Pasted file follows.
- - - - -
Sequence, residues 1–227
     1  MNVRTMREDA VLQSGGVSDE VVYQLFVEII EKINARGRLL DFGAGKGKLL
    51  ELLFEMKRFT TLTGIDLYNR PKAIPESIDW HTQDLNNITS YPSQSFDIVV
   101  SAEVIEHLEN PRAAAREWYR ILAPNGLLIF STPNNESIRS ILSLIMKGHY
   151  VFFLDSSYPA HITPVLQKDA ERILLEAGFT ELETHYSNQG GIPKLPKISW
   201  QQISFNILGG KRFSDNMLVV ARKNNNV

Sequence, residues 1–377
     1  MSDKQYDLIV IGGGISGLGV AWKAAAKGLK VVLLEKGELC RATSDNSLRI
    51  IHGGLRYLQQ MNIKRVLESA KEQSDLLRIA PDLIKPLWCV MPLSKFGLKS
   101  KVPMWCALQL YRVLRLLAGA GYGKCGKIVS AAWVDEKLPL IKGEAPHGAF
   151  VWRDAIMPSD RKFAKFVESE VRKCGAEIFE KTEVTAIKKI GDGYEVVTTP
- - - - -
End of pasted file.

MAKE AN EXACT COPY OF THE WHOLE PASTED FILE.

Sequence, residues 1–227
     1  MNVRTMREDA VLQSGGVSDE VVYQLFVEII EKINARGRLL DFGAGKGKLL
    51  ELLFEMKRFT TLTGIDLYNR PKAIPESIDW HTQDLNNITS YPSQSFDIVV
   101  SAEVIEHLEN PRAAAREWYR ILAPNGLLIF STPNNESIRS ILSLIMKGHY
   151  VFFLDSSYPA HITPVLQKDA ERILLEAGFT ELETHYSNQG GIPKLPKISW
   201  QQISFNILGG KRFSDNMLVV ARKNNNV

Sequence, residues 1–377
     1  MSDKQYDLIV IGGGISGLGV AWKAAAKGLK VVLLEKGELC RATSDNSLRI
    51  IHGGLRYLQQ MNIKRVLESA KEQSDLLRIA PDLIKPLWCV MPLSKFGLKS
   101  KVPMWCALQL YRVLRLLAGA GYGKCGKIVS AAWVDEKLPL IKGEAPHGAF
   151  VWRDAIMPSD RKFAKFVESE VRKCGAEIFE KTEVTAIKKI GDGYEVVTTP